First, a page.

Undergraduate psychiatry students’ attitudes towards teaching methods at an Irish university

Jabbar, F. and Casey, P. and Kelly, B. D. (2014) Undergraduate psychiatry students’ attitudes towards teaching methods at an Irish university. Irish Journal of Medical Science. ISSN 00211265 (ISSN)

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Abstract

Background: At University College Dublin, teaching in psychiatry includes clinical electives, lectures, small-group and problem-based teaching, consistent with international trends. Aims: To determine final-year psychiatry students’ attitudes towards teaching methods. Methods: We distributed questionnaires to all final-year medical students in two classes (2008 and 2009), after final psychiatry examination (before results) and all of them participated (n = 111). Results: Students’ interest in psychiatry as a career increased during psychiatry teaching. Students rated objective structured clinical examination (OSCE) as the most useful element of teaching and examination. The most common learning style was “reflector”; the least common was “pragmatist”. Two thirds believed teaching could be improved (increased patient contact) and 89 % reported that experience of psychiatry changed attitudes towards mental illness (increased understanding). Conclusions: Students’ preference for OSCEs may reflect the closeness of OSCE as a form of learning to OSCE as a form of assessment: OSCEs both focus on specific clinical skills and help prepare for examinations. Future research could usefully examine the extent to which these findings are university-specific or instructor-dependent. Information on the consistency of various teaching, examination and modularisation methods would also be useful.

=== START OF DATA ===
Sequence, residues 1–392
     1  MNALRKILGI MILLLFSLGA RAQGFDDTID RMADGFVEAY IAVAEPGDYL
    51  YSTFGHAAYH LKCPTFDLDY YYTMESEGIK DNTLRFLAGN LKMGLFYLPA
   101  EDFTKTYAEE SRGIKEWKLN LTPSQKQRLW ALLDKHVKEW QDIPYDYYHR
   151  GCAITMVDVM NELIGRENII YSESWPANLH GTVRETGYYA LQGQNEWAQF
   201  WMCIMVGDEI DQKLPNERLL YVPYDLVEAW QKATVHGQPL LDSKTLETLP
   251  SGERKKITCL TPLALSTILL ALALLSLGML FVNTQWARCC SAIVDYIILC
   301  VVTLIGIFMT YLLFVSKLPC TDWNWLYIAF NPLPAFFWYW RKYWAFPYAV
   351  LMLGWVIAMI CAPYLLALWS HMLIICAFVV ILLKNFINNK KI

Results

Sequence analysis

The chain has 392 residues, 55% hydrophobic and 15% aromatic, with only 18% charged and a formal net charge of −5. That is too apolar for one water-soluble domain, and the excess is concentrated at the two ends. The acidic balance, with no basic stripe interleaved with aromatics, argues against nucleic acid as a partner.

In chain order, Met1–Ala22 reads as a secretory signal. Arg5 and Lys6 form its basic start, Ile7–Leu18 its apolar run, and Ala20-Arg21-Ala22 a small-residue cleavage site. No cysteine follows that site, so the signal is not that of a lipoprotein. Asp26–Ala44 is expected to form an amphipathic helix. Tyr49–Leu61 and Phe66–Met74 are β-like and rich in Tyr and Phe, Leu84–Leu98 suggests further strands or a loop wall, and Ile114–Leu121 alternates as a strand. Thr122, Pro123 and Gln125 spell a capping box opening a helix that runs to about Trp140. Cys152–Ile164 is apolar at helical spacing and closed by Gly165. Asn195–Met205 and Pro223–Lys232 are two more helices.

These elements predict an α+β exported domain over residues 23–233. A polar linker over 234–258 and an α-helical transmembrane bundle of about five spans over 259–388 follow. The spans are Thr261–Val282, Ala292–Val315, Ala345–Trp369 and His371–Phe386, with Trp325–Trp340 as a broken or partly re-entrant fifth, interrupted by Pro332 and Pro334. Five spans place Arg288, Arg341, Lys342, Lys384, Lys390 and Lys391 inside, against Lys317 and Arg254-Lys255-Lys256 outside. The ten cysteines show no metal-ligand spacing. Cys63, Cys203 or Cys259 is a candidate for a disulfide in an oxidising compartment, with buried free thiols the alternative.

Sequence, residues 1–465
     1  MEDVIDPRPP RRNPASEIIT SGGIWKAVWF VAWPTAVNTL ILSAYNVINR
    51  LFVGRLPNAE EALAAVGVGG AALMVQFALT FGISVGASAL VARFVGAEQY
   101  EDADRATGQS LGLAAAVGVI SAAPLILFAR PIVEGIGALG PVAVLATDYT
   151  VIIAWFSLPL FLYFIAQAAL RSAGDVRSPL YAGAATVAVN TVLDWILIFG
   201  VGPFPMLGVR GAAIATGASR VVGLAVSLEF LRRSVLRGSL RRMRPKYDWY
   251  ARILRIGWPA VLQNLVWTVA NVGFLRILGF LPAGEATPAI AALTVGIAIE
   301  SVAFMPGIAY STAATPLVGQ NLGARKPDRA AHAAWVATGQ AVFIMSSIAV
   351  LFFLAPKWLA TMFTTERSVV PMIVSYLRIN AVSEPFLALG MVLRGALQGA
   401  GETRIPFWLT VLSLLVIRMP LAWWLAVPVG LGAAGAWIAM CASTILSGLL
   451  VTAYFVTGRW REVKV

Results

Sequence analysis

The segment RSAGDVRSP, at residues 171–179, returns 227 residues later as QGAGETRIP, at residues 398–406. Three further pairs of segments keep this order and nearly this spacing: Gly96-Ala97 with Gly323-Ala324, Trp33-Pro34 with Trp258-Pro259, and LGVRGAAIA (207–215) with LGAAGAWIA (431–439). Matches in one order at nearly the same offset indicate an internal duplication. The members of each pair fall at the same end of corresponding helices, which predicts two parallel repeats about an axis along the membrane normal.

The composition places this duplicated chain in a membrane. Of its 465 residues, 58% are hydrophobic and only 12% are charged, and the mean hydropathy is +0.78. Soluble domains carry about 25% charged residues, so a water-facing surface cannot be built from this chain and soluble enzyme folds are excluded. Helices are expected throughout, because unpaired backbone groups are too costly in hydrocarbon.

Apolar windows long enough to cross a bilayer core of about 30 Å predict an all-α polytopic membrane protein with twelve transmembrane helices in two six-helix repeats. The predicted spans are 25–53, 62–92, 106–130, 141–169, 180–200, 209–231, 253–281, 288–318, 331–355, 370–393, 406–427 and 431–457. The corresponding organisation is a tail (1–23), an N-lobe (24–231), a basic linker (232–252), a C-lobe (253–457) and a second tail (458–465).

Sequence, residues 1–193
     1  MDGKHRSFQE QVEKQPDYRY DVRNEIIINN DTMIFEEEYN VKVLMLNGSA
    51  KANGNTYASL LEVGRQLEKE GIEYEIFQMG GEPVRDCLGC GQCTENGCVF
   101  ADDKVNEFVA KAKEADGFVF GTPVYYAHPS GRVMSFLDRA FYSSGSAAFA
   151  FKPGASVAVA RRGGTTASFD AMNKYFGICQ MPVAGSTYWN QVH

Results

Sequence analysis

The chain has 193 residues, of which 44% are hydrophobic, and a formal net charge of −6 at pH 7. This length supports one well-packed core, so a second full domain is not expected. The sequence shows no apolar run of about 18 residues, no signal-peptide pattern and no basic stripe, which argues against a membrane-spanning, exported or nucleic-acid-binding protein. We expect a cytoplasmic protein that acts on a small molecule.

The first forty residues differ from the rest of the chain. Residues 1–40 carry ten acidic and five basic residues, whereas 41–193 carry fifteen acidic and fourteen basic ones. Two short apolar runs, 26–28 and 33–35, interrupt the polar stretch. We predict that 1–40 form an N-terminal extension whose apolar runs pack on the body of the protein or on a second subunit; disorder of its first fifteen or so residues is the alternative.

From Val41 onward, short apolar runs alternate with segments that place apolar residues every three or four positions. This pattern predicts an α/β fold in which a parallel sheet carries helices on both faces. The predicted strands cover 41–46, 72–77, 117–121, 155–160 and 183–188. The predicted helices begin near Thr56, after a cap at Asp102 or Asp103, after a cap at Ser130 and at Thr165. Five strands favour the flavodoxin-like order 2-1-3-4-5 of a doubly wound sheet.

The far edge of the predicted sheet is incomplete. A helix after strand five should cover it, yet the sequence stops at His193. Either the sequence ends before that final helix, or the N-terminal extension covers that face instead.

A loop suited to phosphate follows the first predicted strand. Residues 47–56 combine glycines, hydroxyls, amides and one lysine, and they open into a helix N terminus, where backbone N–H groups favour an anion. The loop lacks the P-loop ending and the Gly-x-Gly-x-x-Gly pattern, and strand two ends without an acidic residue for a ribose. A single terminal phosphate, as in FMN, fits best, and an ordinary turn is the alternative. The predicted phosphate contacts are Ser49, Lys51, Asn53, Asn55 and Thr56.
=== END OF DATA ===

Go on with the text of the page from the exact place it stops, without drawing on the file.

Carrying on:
Item Type: Article
Additional Information: Export Date: 23 February 2015; Article in Press; CODEN: IJMSA; Correspondence Address: Kelly, B.D.; Department of Adult Psychiatry, UCD School of Medicine and Medical Science, Mater Misericordiae University Hospital, University College Dublin, 62/63 Eccles Street, Ireland
Uncontrolled Keywords: Education; Educational; Medical; Models; Problem-based learning; Psychiatry; Schools; Undergraduate
Depositing User: Colin Lowry
Last Modified: 27 Nov 2015 09:51
URI: http://eprints.teachingandlearning.ie/id/eprint/2588

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